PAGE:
But it’s a mistake to think of robots as wannabe humans. I dug out “A Cyborg Manifesto,” Donna Haraway’s 1985 essay on postmodern feminism and the porous boundary—even three decades ago—between humans and technology. If I’d read it since college, I didn’t remember; and, wow, was Haraway prescient about what an embodied, digital world was going to mean for sex (the descriptor and the activity), labor, and identity. “The relation between organism and machine has become a border war. The stakes in the border war have been the territories of production, reproduction, and imagination,” she wrote.
To Haraway, cyborgs are post-gender, uncoupled from oedipal incentives. “Late 20th-century machines have made thoroughly ambiguous the difference between natural and artificial, mind and body, self-developing and externally designed, and many other distinctions that used to apply to organisms and machines,” Haraway wrote. “Our machines are disturbingly lively, and we ourselves frighteningly inert.”
Let me be clear: I would watch that show.
The unease that Westworld evokes at its best isn’t that deep down all humans are monsters. It’s that it doesn’t matter, because humans are obsolete.
And with Westworld, I almost did. Maeve’s complex scheme to cogito-ergo-summarize herself out of Westworld came close to telling the story of a Haraway cyborg. Haraway is saying, in part, that cyborgs are feminist because they are post-human. They are their own interest group. And that’s how Newton plays Maeve. She doesn’t want to be a “real” woman in any prosaic, human sense. Maeve knows she’s superior, and you can see that on Newton’s face as she escapes “the maze of dualisms in which we have explained our bodies and our tools to ourselves,” as Haraway’s article puts it. “This is a dream not of a common language, but of a powerful infidel heteroglossia,” Haraway wrote. “I would rather be a cyborg than a goddess.”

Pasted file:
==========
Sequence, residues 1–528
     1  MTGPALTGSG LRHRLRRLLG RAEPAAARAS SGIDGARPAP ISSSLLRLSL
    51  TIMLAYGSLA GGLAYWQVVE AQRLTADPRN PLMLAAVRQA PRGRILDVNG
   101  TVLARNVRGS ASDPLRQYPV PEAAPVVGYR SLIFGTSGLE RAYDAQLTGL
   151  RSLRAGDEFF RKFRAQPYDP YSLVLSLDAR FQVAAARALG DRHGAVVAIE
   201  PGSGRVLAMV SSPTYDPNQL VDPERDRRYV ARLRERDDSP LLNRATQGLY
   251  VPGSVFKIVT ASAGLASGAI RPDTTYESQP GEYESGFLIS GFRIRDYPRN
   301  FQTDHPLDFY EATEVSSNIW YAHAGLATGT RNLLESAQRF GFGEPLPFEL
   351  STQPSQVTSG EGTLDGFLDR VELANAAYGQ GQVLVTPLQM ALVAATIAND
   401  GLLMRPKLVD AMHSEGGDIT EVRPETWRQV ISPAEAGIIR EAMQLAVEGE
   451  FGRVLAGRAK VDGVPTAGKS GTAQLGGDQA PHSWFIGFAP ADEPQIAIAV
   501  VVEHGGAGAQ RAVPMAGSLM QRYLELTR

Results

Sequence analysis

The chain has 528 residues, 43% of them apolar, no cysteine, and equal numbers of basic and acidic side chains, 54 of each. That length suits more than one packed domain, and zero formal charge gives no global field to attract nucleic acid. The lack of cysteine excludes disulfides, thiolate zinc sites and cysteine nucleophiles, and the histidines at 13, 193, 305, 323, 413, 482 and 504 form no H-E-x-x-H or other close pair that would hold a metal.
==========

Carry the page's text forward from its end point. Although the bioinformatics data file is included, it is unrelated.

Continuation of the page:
But then, at the cusp of freedom, Maeve turns back to look. She goes back inside Westworld to rescue another robot she’d thought of, several lives ago, as a daughter. To me, that’s too human. In my head-canon, Maeve transcends love, maternal or otherwise. She’s more. And yet, back into Westworld she heads. It’s Dolores (played by Evan Rachel Wood) who becomes more of a Haraway cyborg, uninterested in the kind of jobs or sex or memories that humans seem to care about. (Like Newton, Wood deserves her Emmy nom; both of them brought life and depth to their material.)
Maybe I don’t actually care what makes someone human, or whether it’s only cultural strictures that keep people from acting like sociopaths. I don’t happen to think that’s true, but I thought Westworld was a more interesting show when it was trying to figure out what cyborgs—in this case, killer sex robots from the future—become when they don’t care about being human anymore. The unease that Westworld evokes at its best isn’t that deep down all humans are monsters. It’s that it doesn’t matter, because humans are obsolete.
Ah, well, possibly that’s Season 2. Apparently it’ll dig further into the uprising that closed the first season, and I for one welcome next year’s robot overlords. I know Westworld is a crowd-pleasing HBO show, but if I’m going to spend more time there—and I am, I am—my big dream is that the questions at its core will get harder, and the answers weirder.